The Collector, Paperback
3.5 out of 5 (11 ratings)


Withdrawn, uneducated and unloved, Frederick collects butterflies and takes photographs.

He is obsessed with a beautiful stranger, the art student Miranda.

When he wins the pools he buys a remote Sussex house and calmly abducts Miranda, believing she will grow to love him in time.

Alone and desperate, Miranda must struggle to overcome her own prejudices and contempt if she is understand her captor, and so gain her freedom.




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Showing 1 - 5 of 11 reviews.

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Review by

I read this years ago. I'd read some Fowles and really loved the french lieutenant's woman. I love the format of the book and the structure of both describing the same things occuring. Really an eerie book.

Review by

Let me preface this by saying that I think I read too much current fiction/thrillers. I was looking forward to reading this one as I had heard how frightening it was from an older gentleman I know. Perhaps I should have taken that comment in context. While reading through The Collector I was left wondering when the scary parts were coming. And when nothing came, I was disappointed. Perhaps I will read it again someday and not expect the frightening pieces to be spelled out for me, thus perhaps changing my rating.

Review by

It's been a long, long time since I last sat down and just read a whole book, almost in a single sitting. By the end, I was completely drained emotionally, with a sick-to-the-stomach kind of feeling.I hate to admit this, but I identify with "Ferdinand," the lost soul so in love - or what he thinks is love - with Miranda, a girl he doesn't know, that he kidnaps her and makes her his guest. I too have felt that longing to be with someone in the way that Ferdinand feels he should be, and to possess someone so entirely. Thankfully, I am not that man, but I think it's Fowles' art that makes it possible to sympathise with, essentially, a monster.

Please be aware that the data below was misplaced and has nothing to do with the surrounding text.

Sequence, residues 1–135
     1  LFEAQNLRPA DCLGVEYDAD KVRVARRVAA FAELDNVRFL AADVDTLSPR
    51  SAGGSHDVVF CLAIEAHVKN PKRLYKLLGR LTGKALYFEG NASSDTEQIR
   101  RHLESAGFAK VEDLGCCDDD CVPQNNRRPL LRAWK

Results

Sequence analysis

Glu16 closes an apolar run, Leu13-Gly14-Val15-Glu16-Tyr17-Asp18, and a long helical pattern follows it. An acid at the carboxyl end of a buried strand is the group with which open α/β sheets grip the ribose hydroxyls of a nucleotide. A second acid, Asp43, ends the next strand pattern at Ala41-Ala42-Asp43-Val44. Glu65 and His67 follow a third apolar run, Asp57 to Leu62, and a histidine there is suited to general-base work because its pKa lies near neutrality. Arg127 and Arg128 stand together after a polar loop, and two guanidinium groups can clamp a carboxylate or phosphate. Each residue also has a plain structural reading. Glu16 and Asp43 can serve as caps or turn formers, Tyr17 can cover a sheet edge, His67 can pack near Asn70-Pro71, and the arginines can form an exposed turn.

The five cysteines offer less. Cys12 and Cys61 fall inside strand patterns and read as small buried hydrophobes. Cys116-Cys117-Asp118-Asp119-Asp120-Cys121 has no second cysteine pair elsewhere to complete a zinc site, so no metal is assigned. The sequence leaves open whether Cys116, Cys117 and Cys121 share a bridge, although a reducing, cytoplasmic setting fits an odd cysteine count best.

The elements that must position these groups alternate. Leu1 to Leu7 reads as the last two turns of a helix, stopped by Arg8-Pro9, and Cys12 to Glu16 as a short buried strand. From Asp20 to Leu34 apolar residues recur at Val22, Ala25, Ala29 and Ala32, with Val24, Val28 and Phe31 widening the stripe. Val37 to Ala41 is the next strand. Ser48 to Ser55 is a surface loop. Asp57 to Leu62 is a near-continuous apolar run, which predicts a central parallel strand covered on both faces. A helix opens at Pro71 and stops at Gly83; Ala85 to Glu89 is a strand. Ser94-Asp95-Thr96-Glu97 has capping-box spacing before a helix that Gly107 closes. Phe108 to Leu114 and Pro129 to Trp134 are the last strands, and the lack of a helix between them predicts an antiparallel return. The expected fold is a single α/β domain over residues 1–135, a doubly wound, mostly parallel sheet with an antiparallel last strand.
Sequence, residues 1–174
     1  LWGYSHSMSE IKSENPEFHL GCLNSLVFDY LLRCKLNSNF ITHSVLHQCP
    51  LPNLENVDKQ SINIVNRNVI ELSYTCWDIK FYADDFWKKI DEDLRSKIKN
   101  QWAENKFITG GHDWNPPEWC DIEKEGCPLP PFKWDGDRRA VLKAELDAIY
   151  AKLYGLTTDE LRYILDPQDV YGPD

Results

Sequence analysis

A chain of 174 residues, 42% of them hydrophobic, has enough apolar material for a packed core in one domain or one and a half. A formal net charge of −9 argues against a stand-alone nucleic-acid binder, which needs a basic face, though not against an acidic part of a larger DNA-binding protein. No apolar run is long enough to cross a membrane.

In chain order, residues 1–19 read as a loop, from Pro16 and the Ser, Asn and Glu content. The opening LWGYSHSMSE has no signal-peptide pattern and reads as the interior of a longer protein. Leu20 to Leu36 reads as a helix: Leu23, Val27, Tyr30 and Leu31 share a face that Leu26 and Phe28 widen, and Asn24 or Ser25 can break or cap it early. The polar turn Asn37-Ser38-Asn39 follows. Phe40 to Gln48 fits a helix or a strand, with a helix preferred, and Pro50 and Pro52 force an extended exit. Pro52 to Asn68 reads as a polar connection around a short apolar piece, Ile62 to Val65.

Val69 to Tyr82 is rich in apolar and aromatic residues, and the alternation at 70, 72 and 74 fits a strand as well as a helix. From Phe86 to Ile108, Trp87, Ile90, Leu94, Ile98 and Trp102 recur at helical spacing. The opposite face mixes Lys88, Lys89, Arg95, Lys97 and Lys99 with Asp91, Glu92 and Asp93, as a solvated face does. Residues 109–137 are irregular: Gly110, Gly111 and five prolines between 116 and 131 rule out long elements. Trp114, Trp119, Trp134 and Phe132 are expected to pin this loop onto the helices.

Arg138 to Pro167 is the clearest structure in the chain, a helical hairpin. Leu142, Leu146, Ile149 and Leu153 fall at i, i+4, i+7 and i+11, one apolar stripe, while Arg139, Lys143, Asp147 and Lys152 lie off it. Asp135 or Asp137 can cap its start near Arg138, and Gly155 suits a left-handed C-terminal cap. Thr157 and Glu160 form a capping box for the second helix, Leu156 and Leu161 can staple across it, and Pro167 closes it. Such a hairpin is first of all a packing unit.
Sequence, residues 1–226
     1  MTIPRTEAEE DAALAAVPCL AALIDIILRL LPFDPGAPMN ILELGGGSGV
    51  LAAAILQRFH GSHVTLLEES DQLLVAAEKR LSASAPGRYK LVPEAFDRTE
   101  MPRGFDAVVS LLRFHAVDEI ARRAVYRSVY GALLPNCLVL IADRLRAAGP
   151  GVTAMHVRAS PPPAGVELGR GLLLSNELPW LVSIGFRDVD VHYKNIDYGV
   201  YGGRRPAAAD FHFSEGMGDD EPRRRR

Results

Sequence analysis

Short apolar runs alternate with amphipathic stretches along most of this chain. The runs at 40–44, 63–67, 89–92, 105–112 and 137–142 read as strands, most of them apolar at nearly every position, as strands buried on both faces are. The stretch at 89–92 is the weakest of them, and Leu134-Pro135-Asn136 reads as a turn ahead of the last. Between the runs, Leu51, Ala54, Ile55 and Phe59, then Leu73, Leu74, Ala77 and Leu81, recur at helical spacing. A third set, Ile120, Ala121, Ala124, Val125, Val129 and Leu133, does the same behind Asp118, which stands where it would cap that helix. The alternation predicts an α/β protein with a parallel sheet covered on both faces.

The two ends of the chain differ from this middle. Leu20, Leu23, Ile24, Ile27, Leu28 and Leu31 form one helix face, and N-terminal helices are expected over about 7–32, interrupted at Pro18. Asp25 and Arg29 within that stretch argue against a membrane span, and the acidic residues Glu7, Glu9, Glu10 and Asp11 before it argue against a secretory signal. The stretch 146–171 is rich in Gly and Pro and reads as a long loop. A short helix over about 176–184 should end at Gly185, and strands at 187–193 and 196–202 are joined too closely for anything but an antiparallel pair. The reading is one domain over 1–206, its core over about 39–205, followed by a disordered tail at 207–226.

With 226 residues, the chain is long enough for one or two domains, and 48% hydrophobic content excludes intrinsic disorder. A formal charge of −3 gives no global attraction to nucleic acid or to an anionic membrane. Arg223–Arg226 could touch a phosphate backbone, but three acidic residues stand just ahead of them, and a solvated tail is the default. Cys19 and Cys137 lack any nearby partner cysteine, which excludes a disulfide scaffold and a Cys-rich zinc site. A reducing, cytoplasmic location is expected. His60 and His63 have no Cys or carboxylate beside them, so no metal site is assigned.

Review by

I first read this book as an 8th grader and loved it. Miranda Grey is a beautiful, talented, and artistic young woman who falls prey to a man who appears to be completely ordinary, but is not. James Willby collects beautiful butterflies, and more than anything, wants to collect and keep Miranda just as he has collected butterflies before her.This book had such a profound affect on me and I love the character Miranda so much that I named my own daughter after her.In these days, the story is perhaps not so startling as it was then, but it is certainly just as compelling.

Review by

Though well-written, <i>The Collector</i> was a thoroughly unpleasant reading experience (not least because a disturbing number of real-life Cleggs have emerged blinking into the media spotlight in recent years). During the sections narrated by the kidnapper, I kept noticing how familiar his deep hostility towards people - especially women - seemed, from news stories, books, television and especially the venomous, anonymous rants found everywhere online. I kept thinking of the men who secretly admire Clegg and the way he works around pesky concepts like consent and free will. The parts from the point of view of the kidnapped Miranda were a little less revolting, though I've still wondering why Fowles included long reminiscences about her middle-aged lover, G.P. If you want to remain hopeful about the human condition, give <i>The Collector</i> a wide berth.

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